SEC adds Chinese tech companies to group facing delisting

More Chinese tech companies including Tencent,, and China Mobile face delisting by the US Securities and Exchange Commission (SEC) thanks to opaque disclosures.

Tencent-affiliated gaming outfits Huya and Douyu, internet datacenter services provider Vnet Group, and online game services provider NetEase were among more than 80 fresh additions to a provisional list of companies on May 4.

The grouping is presented as part of the Holding Foreign Companies Accountable Act (HFCAA). The act requires some companies that issue securities in the US to allow local auditors to understand how many of its shares are owned by governments, whether governments exercise control over the company, and whether any officials or regulations are connected to the Chinese Communist Party.

Those who make it on the list have 15 business days to contact the commission if they feel their firm was placed on the list in error before they receive an undesirable upgrade to the conclusive list. Three years of not complying with auditor requests gets a company delisted.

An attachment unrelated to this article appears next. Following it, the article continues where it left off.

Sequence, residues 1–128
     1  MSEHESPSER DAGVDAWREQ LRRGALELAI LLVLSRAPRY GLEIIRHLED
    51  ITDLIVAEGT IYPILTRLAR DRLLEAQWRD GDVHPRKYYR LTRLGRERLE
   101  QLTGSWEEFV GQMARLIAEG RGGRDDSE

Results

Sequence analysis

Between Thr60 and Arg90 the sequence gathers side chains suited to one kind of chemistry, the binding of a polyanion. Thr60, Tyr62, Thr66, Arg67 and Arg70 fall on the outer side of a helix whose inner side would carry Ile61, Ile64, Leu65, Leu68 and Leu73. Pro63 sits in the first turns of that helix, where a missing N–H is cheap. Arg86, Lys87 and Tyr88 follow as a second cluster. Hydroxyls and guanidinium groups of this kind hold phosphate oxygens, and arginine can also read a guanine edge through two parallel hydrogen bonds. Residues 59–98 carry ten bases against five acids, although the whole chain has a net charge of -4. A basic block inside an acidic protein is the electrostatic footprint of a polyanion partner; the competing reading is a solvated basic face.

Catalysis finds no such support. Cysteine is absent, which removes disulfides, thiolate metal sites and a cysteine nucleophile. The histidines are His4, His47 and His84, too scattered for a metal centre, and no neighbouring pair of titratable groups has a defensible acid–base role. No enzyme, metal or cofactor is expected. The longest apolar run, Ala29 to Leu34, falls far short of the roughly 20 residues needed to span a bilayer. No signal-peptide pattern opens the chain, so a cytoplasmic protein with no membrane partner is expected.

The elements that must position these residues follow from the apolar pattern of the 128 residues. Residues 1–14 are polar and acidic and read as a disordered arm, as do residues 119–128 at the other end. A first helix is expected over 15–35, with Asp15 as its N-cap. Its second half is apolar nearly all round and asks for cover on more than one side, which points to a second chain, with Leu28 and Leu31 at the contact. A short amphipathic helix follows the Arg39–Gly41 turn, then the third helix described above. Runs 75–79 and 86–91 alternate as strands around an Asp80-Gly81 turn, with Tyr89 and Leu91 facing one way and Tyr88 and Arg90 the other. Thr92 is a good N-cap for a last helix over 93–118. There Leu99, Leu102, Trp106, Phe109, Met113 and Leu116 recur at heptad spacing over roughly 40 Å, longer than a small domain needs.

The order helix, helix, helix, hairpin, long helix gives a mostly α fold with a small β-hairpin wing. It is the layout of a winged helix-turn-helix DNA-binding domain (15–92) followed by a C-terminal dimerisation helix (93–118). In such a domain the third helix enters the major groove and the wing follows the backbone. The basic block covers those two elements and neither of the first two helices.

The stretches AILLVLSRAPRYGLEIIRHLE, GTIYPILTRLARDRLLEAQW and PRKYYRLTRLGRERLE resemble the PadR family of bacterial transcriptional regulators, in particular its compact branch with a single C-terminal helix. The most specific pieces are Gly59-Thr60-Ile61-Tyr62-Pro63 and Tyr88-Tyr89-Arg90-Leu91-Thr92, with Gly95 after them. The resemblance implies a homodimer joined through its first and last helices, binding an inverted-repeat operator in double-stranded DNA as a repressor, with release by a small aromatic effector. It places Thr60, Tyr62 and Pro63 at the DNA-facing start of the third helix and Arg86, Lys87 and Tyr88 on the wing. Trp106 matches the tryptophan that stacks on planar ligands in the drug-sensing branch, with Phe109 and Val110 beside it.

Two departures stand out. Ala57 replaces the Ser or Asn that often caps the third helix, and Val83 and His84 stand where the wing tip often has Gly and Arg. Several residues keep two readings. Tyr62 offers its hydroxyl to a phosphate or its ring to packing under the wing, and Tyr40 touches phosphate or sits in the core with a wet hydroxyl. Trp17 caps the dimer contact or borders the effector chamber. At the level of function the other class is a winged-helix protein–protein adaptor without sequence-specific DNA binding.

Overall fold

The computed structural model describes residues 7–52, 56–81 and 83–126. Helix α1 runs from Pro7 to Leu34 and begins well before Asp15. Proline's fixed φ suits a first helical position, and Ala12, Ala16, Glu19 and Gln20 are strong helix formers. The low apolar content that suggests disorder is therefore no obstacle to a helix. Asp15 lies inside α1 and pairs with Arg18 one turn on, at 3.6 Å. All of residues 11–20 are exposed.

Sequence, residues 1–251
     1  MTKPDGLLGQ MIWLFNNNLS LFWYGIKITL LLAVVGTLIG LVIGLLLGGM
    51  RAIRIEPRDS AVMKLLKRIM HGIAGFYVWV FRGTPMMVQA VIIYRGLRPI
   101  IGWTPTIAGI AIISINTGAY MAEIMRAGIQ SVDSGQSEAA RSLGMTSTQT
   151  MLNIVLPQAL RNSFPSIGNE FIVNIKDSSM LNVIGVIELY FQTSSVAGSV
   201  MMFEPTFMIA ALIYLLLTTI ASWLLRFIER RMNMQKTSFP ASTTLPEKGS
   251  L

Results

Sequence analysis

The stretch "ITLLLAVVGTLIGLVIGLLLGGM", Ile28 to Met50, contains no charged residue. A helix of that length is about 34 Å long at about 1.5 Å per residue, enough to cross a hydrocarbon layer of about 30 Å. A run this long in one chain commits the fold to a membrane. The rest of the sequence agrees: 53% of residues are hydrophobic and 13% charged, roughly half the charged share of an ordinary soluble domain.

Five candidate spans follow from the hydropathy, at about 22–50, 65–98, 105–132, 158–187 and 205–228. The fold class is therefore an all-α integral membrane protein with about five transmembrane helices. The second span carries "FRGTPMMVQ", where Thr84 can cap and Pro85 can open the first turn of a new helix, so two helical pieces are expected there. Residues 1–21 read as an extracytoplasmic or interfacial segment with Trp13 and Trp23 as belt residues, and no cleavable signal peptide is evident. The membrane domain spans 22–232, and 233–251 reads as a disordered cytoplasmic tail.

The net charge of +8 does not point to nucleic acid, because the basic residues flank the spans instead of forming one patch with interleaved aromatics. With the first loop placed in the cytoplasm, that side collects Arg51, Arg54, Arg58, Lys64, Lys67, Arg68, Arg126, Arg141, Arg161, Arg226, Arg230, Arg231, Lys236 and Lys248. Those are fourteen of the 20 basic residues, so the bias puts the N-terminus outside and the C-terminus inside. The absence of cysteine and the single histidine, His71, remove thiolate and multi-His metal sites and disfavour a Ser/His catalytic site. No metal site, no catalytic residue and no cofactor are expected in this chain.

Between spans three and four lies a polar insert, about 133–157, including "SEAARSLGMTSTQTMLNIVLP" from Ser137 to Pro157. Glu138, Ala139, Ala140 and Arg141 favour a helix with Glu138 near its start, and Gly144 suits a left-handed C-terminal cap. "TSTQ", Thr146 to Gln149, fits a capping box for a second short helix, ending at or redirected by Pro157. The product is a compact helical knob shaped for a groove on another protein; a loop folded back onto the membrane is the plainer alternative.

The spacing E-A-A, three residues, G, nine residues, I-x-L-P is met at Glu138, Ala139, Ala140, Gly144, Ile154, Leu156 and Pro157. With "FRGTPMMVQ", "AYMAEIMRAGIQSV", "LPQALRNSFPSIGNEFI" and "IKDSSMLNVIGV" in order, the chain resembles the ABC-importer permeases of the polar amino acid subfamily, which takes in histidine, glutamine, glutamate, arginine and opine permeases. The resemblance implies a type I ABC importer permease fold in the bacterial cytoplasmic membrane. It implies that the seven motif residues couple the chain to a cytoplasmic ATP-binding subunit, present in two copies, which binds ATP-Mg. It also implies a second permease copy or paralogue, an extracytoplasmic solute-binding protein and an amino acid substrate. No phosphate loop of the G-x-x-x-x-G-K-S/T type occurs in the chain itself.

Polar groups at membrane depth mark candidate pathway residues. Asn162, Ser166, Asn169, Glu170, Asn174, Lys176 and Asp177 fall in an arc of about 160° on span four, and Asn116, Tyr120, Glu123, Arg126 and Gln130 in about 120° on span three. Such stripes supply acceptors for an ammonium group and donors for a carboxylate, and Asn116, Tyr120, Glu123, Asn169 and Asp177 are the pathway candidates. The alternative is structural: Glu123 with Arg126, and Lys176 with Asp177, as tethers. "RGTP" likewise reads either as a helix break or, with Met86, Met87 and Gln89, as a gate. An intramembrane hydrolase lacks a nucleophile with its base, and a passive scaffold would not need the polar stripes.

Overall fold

Chinese search giant and AI cloud company Baidu as well as Chinese video-streaming outfit iQIYI already have spots on that conclusive list. So does Weibo.

Chinese corporations will find it hard not to be on the list at some point as Beijing insists that party representatives be present in leadership positions at large companies.

E-commerce company said in a canned statement that it is “actively exploring possible solutions.”

“The company will continue to comply with applicable laws and regulations in both China and the United States, and strive to maintain its listing status on both Nasdaq and the Hong Kong Stock Exchange.”

NetEase, Huya, and Vnet issued eerily similar statements to

The Hong Kong Stock Exchange has caught the eye of other groups on the list. Tencent-backed property agency KE Holdings just got the go-ahead to list its shares there and will start trading from May 11.

Tencent Holdings Ltd has been on the Hong Kong Stock Exchange since 16 June 2004.

Counterintuitively, Beijing has been supportive of audit disclosures. Chinese regulators have instructed some of the country’s US-listed firms to prepare for more audit disclosures and are considering a proposal to allow their US counterparts to audit non-sensitive Chinese firms.

The support is an about-face after a long-running audit standoff between the countries. ®

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